• A Case-Control Study of Maternal Periconceptual and Pregnancy Recreational Drug Use and Fetal Malformation Using Hair Analysis, PLOSone, DOI: 10.1371/journal.pone.0111038, October 31, 2014.
  • Related post: Is it True that People are Born Addicts?, stepstorecovery, Dec 2014.

Antibiotics will Not get rid of your Cold

Become an Antibiotic Guardian

poster of Antibiotics will Not get rid of your Cold
Become an Antibiotic Guardian.

Sources:

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Five – not so obvious – reasons you might be getting fatter…

Everything from livestock fatteners to government marketing dooms Americans looking to lose weight

Americans have become huge. Between the 1960s and the 2000s, Americans grew, on the average, an inch taller and 24 pounds heavier. The average American man today weights 194 pounds and the average woman 165 pounds… …reasons are not limited to eating too much and exercising too little… “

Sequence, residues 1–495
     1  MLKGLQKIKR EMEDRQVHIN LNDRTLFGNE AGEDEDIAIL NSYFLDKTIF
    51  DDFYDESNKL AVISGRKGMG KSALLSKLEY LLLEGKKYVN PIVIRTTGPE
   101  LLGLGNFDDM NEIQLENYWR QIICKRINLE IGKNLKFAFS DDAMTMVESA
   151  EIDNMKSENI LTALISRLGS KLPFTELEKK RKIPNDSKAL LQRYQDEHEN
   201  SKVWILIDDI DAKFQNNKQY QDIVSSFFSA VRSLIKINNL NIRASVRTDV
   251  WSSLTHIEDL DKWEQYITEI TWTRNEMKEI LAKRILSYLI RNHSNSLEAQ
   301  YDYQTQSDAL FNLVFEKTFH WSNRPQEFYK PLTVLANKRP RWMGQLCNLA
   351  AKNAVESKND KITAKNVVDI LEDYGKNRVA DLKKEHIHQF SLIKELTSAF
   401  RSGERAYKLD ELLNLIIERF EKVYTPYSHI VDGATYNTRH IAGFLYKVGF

image of Martha Rosenberg
Everything from livestock fatteners to government marketing dooms Americans looking to lose weight says Martha Rosenberg.
  • Antibiotics in food and as medicine
  • Other livestock fatteners
  • Pesticides and other endocrine disrupters
  • Sugar substitutes
  • Industry and government marketing

Read Americans Are Huge:
5 Surprising Reasons Why We May Be Getting Fatter
,
AlterNet, October 27, 2014.